On Bangladeshi War Heroines: An Interview with Documentary Filmmaker Farzana Boby (The Poison Thorn)

Farzana Boby, 33 years-old, is a Bangadeshi filmmaker, generally known by her last name. Since filmmaking was not taught at the universities, Boby pursued her passion by watching films at cine clubs and attending film workshops while attending Philosophy classes at Dhaka University. After completing her Masters’, she began to learn the trade through working as a programme cameraperson and video journalist in a private television channel, and after that, as a freelance videographer. She has worked as an assistant director in a full length feature film, and co-directed two documentaries, “Shajshilpi,” “Phulbarir shat deen.”

Boby was born in a village in the suburbs of Khulna city, their house was the proud owner of the only television set in the village, “I grew up with the crowds filling our courtyard, we would stay awake till midnight to watch the programme on filmi song-and-dance. That’s when I became obsessed with the silver screen.”

 Farzana Boby speaks to writer rahnuma ahmed in Dhaka, a well-wisher of amader ramu.com.

Is BishKanta your first film? Why did you decide to make a film on Birangonas (war heroines)?

It is my first solo film. I had co-directed two films before making BishKanta.

I like to make films about things which make me feel uncomfortable. I made this film from a deep

sense of discomfort. In early 2011,  I had joined filmmaker Rubaiyat Hossain’s research on Birangonas and while working on the project, I discovered that everything official – whether government documents, news, cinemas, photographs, essays – whatever be the medium, all representations post-1971, had portrayed Birangonas in the same manner: dead or half-dead, distraught, a beggar woman.

The mainstream media portrays Birangonas and women freedom fighters through socially prevalent frameworks of courage, and honour. Such representations – rape means the loss of honor, a raped woman is socially dead – make me feel uneasy. I feel as though every such piece of documentation is asking me:  Can’t Birangonas speak for themselves? Can’t they tell their own stories, in their own words?

For the last 43 years, mainstream historians have repeatedly placed women freedom fighters and Birangonas in social narratives of complementarity. Women are men’s companions: she is either his mother or sister or wife! Since women are regarded as men’s adjuncts, it is not surprising that their contribution is ignored. That it is covered up and suppressed. Patriarchal nationalism has gobbled up women’s words, it has replaced women’s voices with its own language. This is the vicious cycle of women’s representation within which we are trapped.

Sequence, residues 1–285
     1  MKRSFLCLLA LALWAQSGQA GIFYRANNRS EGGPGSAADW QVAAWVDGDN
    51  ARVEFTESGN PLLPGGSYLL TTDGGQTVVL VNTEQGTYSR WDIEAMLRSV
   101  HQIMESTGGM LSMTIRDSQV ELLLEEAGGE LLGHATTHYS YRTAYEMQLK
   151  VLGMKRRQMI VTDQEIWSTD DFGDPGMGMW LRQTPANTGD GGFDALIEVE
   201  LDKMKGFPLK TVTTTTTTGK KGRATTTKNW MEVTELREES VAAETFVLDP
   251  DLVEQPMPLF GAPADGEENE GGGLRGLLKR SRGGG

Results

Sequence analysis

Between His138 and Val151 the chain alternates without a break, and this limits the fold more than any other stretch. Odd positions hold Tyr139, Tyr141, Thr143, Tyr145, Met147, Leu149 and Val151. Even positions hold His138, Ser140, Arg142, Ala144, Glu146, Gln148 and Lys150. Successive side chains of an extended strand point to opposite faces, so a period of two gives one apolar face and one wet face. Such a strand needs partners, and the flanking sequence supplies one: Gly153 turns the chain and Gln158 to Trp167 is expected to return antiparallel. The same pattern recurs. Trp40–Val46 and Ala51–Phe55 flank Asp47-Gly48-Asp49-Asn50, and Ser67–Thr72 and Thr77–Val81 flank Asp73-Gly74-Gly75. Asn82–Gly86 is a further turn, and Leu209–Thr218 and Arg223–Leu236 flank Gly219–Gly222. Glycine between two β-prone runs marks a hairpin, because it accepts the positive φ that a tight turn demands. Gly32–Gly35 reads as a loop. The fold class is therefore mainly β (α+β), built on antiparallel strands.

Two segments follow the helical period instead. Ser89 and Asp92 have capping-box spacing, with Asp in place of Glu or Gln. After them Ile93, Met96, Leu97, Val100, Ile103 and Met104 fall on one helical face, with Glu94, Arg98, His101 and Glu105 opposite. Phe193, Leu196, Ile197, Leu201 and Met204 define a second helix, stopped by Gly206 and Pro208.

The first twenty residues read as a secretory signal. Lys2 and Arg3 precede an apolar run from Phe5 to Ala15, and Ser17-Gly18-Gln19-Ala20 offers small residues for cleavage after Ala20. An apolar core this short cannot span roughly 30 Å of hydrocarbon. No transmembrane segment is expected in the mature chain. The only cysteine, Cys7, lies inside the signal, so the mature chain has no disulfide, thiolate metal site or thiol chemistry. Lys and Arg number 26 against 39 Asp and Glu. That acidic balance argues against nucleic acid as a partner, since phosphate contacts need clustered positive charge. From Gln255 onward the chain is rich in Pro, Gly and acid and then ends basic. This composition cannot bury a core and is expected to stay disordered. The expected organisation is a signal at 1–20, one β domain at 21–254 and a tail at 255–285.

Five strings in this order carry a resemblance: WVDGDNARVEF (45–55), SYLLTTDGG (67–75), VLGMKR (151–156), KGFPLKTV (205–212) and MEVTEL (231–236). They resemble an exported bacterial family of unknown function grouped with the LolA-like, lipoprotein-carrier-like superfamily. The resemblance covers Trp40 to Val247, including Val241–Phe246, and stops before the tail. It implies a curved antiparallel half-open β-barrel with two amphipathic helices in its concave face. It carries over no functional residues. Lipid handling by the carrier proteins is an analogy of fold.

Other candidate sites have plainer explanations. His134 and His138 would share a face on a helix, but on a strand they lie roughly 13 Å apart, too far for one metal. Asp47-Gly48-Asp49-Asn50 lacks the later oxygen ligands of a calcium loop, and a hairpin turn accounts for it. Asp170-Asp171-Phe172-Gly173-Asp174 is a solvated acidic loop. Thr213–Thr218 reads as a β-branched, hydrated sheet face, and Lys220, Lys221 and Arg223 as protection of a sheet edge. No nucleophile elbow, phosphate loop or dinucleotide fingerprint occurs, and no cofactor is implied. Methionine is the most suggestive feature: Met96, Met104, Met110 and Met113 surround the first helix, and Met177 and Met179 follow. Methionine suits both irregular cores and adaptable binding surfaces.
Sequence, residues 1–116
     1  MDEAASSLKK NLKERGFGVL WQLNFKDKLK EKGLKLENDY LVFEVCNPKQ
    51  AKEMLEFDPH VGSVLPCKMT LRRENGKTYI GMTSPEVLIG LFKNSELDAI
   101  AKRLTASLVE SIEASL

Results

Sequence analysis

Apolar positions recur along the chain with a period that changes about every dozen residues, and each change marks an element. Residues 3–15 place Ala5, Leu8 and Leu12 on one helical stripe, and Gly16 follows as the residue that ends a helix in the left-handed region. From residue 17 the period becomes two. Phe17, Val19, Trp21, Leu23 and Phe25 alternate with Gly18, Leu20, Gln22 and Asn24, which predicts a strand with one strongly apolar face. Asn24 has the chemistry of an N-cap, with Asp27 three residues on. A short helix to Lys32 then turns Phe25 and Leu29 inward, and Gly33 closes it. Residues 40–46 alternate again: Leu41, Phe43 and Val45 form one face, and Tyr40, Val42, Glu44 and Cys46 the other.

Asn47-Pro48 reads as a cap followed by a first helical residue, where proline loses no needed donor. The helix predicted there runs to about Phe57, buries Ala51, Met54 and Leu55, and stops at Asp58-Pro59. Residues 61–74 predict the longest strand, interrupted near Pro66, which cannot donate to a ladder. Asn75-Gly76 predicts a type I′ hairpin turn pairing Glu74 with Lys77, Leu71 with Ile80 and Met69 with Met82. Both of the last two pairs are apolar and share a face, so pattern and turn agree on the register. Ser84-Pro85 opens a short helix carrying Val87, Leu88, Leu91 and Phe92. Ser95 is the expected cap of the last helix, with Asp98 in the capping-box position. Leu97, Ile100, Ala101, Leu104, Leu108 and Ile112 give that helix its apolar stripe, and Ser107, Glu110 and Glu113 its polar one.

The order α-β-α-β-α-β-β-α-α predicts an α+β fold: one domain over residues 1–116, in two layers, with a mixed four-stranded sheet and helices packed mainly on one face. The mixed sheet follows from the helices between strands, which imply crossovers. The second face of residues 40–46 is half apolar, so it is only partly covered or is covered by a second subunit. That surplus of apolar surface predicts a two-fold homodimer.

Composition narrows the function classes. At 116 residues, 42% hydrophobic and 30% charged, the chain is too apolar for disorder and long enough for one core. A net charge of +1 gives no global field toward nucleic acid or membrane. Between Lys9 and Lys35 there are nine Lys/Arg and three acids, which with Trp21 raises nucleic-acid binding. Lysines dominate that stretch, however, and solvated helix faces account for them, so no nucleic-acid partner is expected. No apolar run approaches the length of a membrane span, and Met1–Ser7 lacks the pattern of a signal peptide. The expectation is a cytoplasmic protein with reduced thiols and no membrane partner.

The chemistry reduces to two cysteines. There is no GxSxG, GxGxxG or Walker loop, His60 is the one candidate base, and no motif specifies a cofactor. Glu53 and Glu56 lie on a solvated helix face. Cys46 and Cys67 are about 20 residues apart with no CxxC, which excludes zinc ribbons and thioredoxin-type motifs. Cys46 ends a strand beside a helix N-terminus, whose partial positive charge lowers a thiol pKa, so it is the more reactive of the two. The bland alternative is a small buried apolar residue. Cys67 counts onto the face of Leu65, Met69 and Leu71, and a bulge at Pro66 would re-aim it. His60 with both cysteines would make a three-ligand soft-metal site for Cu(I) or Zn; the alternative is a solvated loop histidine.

Women’s bodies have been occupied through the institution of marriage. Their creative and nurturing powers, their competence, their love- all this has been deemed inferior. We keep being represented as a biological being. The distortion of women’s history has meant that contemporary women are placed in a position which is patently false. Women’s participation in the freedom struggle of 1971, their contribution, their abuse, sorrows and suffering, they have all been viewed through this lens, they have not been addressed on women’s own terms. It is this working-out which led me to make BishKanta. I began working on the film in end-2011.

Could you talk to us about how long it took to make BishKanta, from the inception of the idea to its release, and why it took so long?

A lot of time went into searching for the women, the three women around whose stories BishKanta revolves. Finding them was like `uncovering’ suppressed history, hidden history. The difficulty was largely because I didn’t want to see them through the 43-year old lens, I didn’t want to reproduce the patriarchal prism through which Birangonas are looked at. What I wanted to see, or better still, what I wanted to show was that which Ronjita Mondol, Roma Chowdhury and Halima wanted to show. This meant that I would have to create the space which would enable that first of all. This was the most difficult, and the most time-consuming part.

I wanted to inhabit these women’s perspectives. This meant that from the very beginning since shooting started, I needed to develop a method. I chose to shoot with a small handycam, to have women in the team, to shoot in similar lighting, in the same season, and also, to make use of symbols, not have a commentary, to use visuals and audio in an uninterrupted manner. Instead of working with a pre-determined form within which I fitted in the documentary material, I allowed the form to emerge from the matter that I shot. It took a long, long time, almost four years.